Love is in the air – Tanabata on the South Bank

Tanabata decorations, South BankDown on the South Bank they’re having a festival of love that’s going on all through July and August, with free events, themed weekends, performances, poetry, talks, pop-ups, installations and artworks. Including, courtesy of the Embassy of Japan and the Japan Society, a celebration of Tanabata, the Japanese festival of love, which falls on the seventh day of the seventh month, and a display of fukinagashi decorations. I’ve been down to the Festival Hall to take a look. Continue reading

Two Cultures United by Tea

Two Cultures United by TeaToday I’m going to write about Peter Paul Rubens, King James I and Britain’s favourite beverage. Along the way there’ll be a telescope, a daruma doll and some scones. What links all these things? An event I went to on Sunday called Two Cultures United by Tea, held at the Banqueting House in Whitehall to mark the four hundredth anniversary of the landing of the first English ship, the Clove, in Japan in 1613.  Continue reading

Finding God in Vegetables – Shojin Cuisine

shojin cuisineFor someone who has been through three years of strict training in the art of shojin cuisine at a Zen Buddhist temple in Otsu, near Kyoto, Toshio Tanahashi is surprisingly warm and twinkly. And a bit of a showman too, if the lecture and demonstration on shojin cuisine I went to, organised by the Japan Society, is anything to go by. Continue reading

A Lesson in Bonsai

Bonsai at Kew GardensOnce again the Japan Society came up trumps with a great trip to Kew Gardens to learn about bonsai. And again I have to make a confession – though I’ve been to Kew a lot and was sure I’d seen all the Japanese stuff there (Chokushi Mon, Minka House, Japanese Landscape Garden – done!) I’ve never been to look at the bonsai.  Continue reading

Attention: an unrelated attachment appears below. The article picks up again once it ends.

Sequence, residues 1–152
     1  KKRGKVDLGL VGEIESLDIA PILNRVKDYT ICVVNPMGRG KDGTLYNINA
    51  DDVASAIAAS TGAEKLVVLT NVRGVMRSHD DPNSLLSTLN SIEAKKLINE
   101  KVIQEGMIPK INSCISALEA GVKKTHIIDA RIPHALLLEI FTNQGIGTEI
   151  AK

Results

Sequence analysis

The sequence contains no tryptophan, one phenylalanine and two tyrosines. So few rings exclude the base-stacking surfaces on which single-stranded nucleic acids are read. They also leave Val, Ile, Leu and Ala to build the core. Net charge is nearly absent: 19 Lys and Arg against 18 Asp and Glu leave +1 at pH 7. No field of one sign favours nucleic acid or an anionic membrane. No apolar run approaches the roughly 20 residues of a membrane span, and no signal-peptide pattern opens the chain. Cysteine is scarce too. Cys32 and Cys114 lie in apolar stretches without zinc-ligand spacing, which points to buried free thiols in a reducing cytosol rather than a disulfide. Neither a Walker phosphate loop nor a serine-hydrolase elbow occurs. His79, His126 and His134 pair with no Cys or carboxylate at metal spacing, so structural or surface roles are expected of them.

A Victorian landscape painter in Japan

Japan Scene - Sir Alfred EastIf you’re free tomorrow evening (18th March) at 6:45, I suggest you head down to the Swedenborg Society in Bloomsbury where Paul Johnson is giving a talk for the Japan Society about Sir Alfred East, a Victorian artist who was sent to Japan in 1888 by the Fine Art Society to paint scenes of Japanese life. Continue reading

The Japan Society takes me on the Narrow Road to the Deep North

Japan Society Book Club booksTranslations – don’t they drive you up the wall? They’re either accurate or readable but somehow never both. You’re always having to settle for one or the other.

So what’s got me so bothered about them just now?

Continue reading

Take a trip to see these entrancing textiles at the Ashmolean

Threads of silk and goldThe Ashmolean Museum’s exhibition of Meiji textiles, Threads of Silk and Gold, opened last week and I expect you’re wondering whether you need to go all the way to Oxford (an hour on the train! From Paddington!) to see it or if you can get by with just reading the reviews and looking at photos. The answer is, you absolutely have to go. I’ll tell you why. Continue reading

I try my hand at Japanese calligraphy

Yume by Yoko TakenamiLast week I had a go at Japanese calligraphy, courtesy of the Japan Society who arranged a fascinating introductory workshop led by Yoko Takenami. It’s a difficult art, and I don’t just mean it’s hard to master the technique (though it’s that too). It’s all the other stuff that goes along with it that makes it complicated. Continue reading

A Japanese autumn at Kew Gardens

Japanese stone lantern at KewKew Gardens! It’s been years since I last went there. In fact it’s so long ago it might even have been back in the days when you put a penny in the turnstile to get in, (on second thoughts, it wasn’t THAT long ago), days which are unfortunately a distant memory as nowadays Kew has to turn more than a penny to fund its work as an internationally recognised research and education institution with the worlds largest collection of living plants.

What drew me there? Well, once again it’s thanks to the Japan Society which arranged a brilliant tour of the herbarium which I’ll tell you about in my next post.

For the moment I’m going to focus on the Gardens themselves as autumn is a lovely time of year to visit; the trees with their red and gold leaves are picture-perfect – as you can see: Continue reading